Pearson expect a 15% decline in 2020 operating profit

Pearson (LON:PSON) have told shareholders that they are expecting up to a 15% decline in operating profit for 2020.

 The firm alluded to the changing preference of learners as one of the reasons for the gloomy forecast, as shares declined.

Shares in Pearson trade at 572p (-7.50%). 16/1/20 12:24BST.

Pearson updated the market back in December, alluding to the sale of Penguin Random House for $675 million to Bertelsmann SE & Co KGaA, the deal valued Penguin at $3.67 million.

Looking at its 2019 figures, Pearson reported underlying revenue remained flat whereas adjusted operating profit was £590 million, within the guidance range, and up 8.1% from £546 million in 2018, which was something positive to report within the update.

US Higher Education Courseware revenue declined by 12%, though there was “modest” growth in digital revenue, this followed a sway of print products to digital formats as campus bookstores told Pearson of the changes towards eBooks from its physical counterpart.

Looking forward to 2020, Pearson expects to deliver adjusted operating profit between £500 million to £580 million, including the 25% stake in Penguin Random House.

Pearson added that they expect trends seen in 2019 in US Higher Education Courseware to continue with heavy declines in print partially offset by modest growth in digital as more products are added to the GLP.

Notably, incremental restructuring benefits of £60m as plan will come to an end.

John Fallon, Chief Executive said:

“We have secured flat revenue this year and delivered operating profit within the guidance range, with much weaker sales in US Higher Education Courseware offset by a strong performance in the broader 76% of Pearson.

“Pearson is now a simpler, more efficient company, with strong financial foundations. This enables us to continue to invest in digital innovation and platform-based products. The future of learning will be increasingly digital and consumer defined. Experience, outcomes and affordability will all matter and while there is still much to do we are well placed to benefit from these trends to achieve future, sustainable growth.”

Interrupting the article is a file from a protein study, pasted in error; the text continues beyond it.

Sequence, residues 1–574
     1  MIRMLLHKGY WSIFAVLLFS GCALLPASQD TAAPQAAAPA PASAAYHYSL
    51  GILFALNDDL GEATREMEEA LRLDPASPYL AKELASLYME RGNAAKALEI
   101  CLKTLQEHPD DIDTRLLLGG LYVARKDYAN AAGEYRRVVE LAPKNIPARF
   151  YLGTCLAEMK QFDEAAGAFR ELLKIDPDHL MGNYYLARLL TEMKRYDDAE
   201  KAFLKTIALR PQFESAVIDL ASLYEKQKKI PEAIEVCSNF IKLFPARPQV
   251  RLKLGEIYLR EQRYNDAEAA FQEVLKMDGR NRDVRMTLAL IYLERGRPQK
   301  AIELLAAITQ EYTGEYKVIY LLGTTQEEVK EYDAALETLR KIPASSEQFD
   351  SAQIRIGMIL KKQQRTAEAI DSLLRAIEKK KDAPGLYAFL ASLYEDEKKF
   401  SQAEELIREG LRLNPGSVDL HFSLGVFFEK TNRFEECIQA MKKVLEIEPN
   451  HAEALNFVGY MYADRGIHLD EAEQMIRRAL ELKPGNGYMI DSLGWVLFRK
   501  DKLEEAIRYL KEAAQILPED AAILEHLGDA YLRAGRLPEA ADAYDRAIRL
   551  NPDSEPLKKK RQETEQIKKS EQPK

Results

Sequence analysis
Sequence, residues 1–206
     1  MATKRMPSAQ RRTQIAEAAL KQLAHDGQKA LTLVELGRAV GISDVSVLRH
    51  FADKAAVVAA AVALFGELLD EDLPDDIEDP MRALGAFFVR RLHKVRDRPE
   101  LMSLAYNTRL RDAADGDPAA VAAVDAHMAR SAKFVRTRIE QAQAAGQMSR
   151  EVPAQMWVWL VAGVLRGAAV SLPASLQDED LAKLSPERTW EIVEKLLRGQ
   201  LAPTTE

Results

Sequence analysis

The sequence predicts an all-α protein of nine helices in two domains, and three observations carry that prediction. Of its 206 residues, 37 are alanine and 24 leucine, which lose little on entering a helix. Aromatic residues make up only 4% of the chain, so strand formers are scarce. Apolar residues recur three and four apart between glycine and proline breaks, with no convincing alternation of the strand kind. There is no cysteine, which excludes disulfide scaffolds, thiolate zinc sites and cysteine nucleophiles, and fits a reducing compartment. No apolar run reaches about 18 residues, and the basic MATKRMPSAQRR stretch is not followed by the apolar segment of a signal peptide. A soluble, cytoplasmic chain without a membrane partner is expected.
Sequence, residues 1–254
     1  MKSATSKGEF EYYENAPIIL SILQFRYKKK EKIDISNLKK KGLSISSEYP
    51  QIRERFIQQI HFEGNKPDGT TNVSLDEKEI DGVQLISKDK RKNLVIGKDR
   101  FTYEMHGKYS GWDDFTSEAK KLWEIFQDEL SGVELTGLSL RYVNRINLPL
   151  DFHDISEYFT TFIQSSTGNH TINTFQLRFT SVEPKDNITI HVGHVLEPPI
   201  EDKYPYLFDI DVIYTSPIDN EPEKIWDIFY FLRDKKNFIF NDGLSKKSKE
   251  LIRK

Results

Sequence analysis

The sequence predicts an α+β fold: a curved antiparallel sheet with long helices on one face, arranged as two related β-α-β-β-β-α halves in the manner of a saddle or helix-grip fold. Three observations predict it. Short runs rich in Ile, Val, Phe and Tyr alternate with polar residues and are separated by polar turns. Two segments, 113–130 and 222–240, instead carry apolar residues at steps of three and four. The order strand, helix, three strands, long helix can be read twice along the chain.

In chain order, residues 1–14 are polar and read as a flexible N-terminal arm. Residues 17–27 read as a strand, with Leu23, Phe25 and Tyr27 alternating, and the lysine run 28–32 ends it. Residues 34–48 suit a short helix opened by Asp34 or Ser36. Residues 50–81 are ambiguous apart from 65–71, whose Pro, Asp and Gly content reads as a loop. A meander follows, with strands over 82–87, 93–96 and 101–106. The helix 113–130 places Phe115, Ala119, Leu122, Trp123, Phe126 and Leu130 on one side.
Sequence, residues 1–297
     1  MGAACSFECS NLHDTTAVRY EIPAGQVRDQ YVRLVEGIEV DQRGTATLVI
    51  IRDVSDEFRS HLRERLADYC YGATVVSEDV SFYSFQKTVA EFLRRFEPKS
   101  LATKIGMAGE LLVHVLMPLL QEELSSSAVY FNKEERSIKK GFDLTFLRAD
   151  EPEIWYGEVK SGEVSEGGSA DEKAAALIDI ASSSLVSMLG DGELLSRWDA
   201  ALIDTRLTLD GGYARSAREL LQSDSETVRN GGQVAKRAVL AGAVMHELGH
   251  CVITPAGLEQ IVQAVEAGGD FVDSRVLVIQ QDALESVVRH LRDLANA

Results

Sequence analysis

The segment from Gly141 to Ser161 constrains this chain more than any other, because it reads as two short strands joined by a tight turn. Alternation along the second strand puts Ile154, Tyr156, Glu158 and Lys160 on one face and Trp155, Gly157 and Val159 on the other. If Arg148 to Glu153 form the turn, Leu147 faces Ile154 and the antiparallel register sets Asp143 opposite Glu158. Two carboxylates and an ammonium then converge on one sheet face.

Pearson see different story from one year ago

Just under a year ago, in February the firm reported that its profits grew 8% for the year, despite a fall in sales, as cost-saving initiatives took effect.

The educational publisher said adjusted operating profit for the year to 31 December 2018 was £546 million, despite underlying revenue declining 1% on a year-on-year basis.

The fall in revenue was attributed too “portfolio changes”. The firm is in the midst of a restructuring its business, as it turns it focus more towards digital publishing.

The firm also said it expects adjusted operating profits of between £590 million and £640 million in 2019.

Retailer – The Works

Interestingly, The Works (LON:WRKS) saw their shares spike this morning as the firm saw record trading over the Christmas period.

The Works is a book retailer and has seen a strong period of trading, which is interesting looking at the update from Pearson.

The stationary retailer said to shareholders that like for like sales in the 11 weeks period rose by 1.5%, notably this showed an impressive period of trading across Christmas as the period ended on January 13.

For its first-half, the six months to October 27, revenue climbed by 5.4% year-on-year to £96.4 million from £91.5 million. On a like-for-like basis however, sales were 3.6% lower during the period.

Its pretax loss narrowed to £8.5 million from £9.1 million last year which has been reflected in todays share price surge.

The Works also noted that 33 new stores were opened and five were closed, bringing the total estate to 525 stores as at 27 October 2019.  Two stores were relocated during the Period and a further net 13 stores were added following the period end.

It seems that Pearson may have to evaluate the shift to eBooks over their traditional counterpart if they are to see higher volumes of sales, however the firm has demonstrated its ability to bounce back in the past.

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